“For future missions, we need to be able to send spacecraft to the Kuiper Belt and keep them there” in orbit around objects, Jewitt wrote in a companion piece in Science. That would allow “these intriguing bodies to be studied in stunning geological and geophysical detail," he noted.

Quelle: abcNews


New Horizons spacecraft 'alters theory of planet formation'


The Kuiper belt object Arrokoth is a pristine remnant of planet formation in action

Scientists say they have "decisively" overturned the prevailing theory for how planets in our Solar System formed.

The established view is that material violently crashed together to form ever larger clumps until they became worlds.

New results suggest the process was less catastrophic - with matter gently clumping together instead.

The study appears in Science journal and has been presented at the American Association for the Advancement of Science meeting in Seattle.

The study's lead researcher, Dr Alan Stern, said that the discovery was of "stupendous magnitude".

"There was the prevailing theory from the late 1960s of violent collisions and a more recent emerging theory of gentle accumulation. One is dust and the other is the only one standing. This rarely happens in planetary science, but today we have settled the matter," he told BBC News.

The claim arises from detailed study of an object in the outer reaches of the Solar System. Named Arrokoth, the object is more than six billion km from the Sun in a region called the Kuiper belt. It is a pristine remnant of planet formation in action as the Solar System emerged 4.6 billion years ago, with two bodies combining to form a larger one.

Scientists obtained high-resolution pictures of Arrokoth when Nasa's New Horizons spacecraft flew close to it just over a year ago. It gave scientists their first opportunity to test which of the two competing theories was correct: did the two components crash together or was there gentle contact?

The analysis by Dr Stern and his team could find no evidence of violent impact. The researchers found no stress fractures, nor was there any flattening, indicating that the objects were squashed together gently.

"This is completely decisive," said Dr Stern. "In one fell swoop, the flyby of Arrokoth was able to decide between the two theories."

The newer gentle clumping theory was developed 15 years ago by a Danish researcher, Prof Anders Johansen, at Lund Observatory. At the time he was a young PhD student.Image copyrightLUND OBSERVATORY
Image captionThe newer gentle clumping theory was developed 15 years ago by Prof Anders Johansen

He is bullish because these so-called Kuiper belt objects have largely remained the same since the formation of the Solar System. They are, in effect, perfectly preserved fossils from this distant time.

The newer gentle clumping theory was developed 15 years ago by Prof Anders Johansen at Lund Observatory in Sweden. At the time he was a young PhD student. The idea emerged from computer simulations.

After speaking to Dr Stern, I broke the news to Prof Johansen that his theory had been confirmed. There was a pause on the line before he replied that he "felt great".

He added: "It is a special moment. I remember when I was a PhD student and feeling very nervous about these new results because they were very different to the ones before. I was worried that there was an error in my code or that I had made a calculation error.

"And then when you see these results confirmed from actual observations it is a real relief."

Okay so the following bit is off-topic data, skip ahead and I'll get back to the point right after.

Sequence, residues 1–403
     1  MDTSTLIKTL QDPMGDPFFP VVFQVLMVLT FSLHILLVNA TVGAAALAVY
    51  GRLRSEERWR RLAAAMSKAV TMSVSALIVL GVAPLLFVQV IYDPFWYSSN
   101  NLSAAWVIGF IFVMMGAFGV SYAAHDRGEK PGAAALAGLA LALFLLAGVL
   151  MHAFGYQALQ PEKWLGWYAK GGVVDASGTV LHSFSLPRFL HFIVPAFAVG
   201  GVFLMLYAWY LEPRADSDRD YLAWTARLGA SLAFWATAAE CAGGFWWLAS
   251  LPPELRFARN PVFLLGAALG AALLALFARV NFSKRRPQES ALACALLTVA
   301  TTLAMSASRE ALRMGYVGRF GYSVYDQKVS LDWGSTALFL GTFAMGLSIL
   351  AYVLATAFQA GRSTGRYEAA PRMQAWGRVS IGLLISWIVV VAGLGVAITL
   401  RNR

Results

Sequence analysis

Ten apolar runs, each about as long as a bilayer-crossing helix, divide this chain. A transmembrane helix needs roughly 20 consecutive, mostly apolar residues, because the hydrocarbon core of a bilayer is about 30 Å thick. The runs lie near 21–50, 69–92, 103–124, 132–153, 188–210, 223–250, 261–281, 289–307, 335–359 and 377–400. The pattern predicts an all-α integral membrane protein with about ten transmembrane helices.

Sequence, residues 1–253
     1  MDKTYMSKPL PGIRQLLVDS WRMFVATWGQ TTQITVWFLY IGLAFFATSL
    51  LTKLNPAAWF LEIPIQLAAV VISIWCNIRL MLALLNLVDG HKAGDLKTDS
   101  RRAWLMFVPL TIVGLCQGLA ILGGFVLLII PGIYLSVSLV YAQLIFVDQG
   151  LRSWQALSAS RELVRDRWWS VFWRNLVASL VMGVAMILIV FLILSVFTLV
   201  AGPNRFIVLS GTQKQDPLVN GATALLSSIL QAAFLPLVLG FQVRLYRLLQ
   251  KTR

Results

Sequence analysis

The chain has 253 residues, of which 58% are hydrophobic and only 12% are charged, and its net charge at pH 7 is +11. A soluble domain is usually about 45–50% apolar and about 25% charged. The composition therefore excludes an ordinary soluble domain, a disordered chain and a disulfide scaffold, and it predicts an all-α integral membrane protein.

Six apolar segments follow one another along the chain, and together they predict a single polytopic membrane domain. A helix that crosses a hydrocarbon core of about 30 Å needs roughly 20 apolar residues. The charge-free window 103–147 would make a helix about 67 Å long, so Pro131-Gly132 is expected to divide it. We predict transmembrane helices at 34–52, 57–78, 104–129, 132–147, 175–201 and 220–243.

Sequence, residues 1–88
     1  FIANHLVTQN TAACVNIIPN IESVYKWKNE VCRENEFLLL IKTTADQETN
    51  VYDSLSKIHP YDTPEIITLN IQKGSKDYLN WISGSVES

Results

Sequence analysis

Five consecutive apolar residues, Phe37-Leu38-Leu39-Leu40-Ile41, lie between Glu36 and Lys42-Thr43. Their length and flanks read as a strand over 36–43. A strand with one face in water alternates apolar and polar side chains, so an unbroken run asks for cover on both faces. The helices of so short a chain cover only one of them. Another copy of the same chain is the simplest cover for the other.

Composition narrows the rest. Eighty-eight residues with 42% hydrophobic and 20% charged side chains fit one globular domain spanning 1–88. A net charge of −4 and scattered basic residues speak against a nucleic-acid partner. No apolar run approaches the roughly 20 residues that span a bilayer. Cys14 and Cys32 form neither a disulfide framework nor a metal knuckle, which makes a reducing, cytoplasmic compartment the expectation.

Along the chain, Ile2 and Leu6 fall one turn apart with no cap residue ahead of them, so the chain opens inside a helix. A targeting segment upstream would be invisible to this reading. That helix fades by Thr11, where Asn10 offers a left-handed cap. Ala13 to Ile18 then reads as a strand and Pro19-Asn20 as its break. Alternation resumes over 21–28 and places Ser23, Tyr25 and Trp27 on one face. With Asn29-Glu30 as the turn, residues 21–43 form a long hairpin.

Prof Johansen commemorated the occasion with a pizza and coke with his family.

Engineer Dr Maggie Aderin-Pocock, who co-presents the BBC's Sky at Night programme, cautioned against toppling a theory based on the observation of one object, but said that Dr Stern's interpretation "makes a lot of sense".

"It is nice to have this evidence because the crashing together theory was a nice theory, but there were some challenges to it. Why did the objects stick together and not bounce apart. There was a lot that didn't add up."

When Arrokoth was discovered six years ago, it was known only by its designation 2014 MU69. At the time of the New Horizons flyby, it had been given the informal name Ultima Thule. While that name came from a classical and medieval term for a far-off place at the borders of the known world, its use by Nazi occultists as the mythical homeland of the Aryan race caused controversy.

The official name Arrokoth is a Native American term meaning "sky" in the Powhatan/Algonquian language.

Quelle: BBC


Discoveries at solar system’s distant frontier shed light on how planets form

Data from the encounter of NASA’s New Horizons spacecraft with a frozen reddish snowman-shaped object a billion miles beyond Pluto last year suggest the building blocks of planets may have formed less violently than many scientists expected, officials said Thursday.

When new New Horizons zipped past the distant world Jan. 1, 2019, the probe captured imagery that showed it was formed of two smooth connected lobes, both reddish in color with little sign of structural damage, cracks or other evidence of a violent collision.

The appearance led scientists to hypothesize that the two lobes likely formed near one another soon after the birth of the solar system 4.5 billion years ago, then merged together at a relatively slow relative velocity. Modeling of data gathered by New Horizons during last year’s New Year’s Day flyby has confirmed the low-speed merger hypothesis.

Named Arrokoth, the dual-lobe world measures about 22 miles (36 kilometers) long, 12 miles (20 kilometers) wide, and around 6 miles (10 kilometers) thick. Scientists have compared its shape to a partially flattened snowman.

Arrokoth orbits the sun once every 293 years, and is located some 4.1 billion miles (6.6 billion kilometers) from Earth in the Kuiper Belt, a ring of small, icy worlds beyond the orbit of Neptune.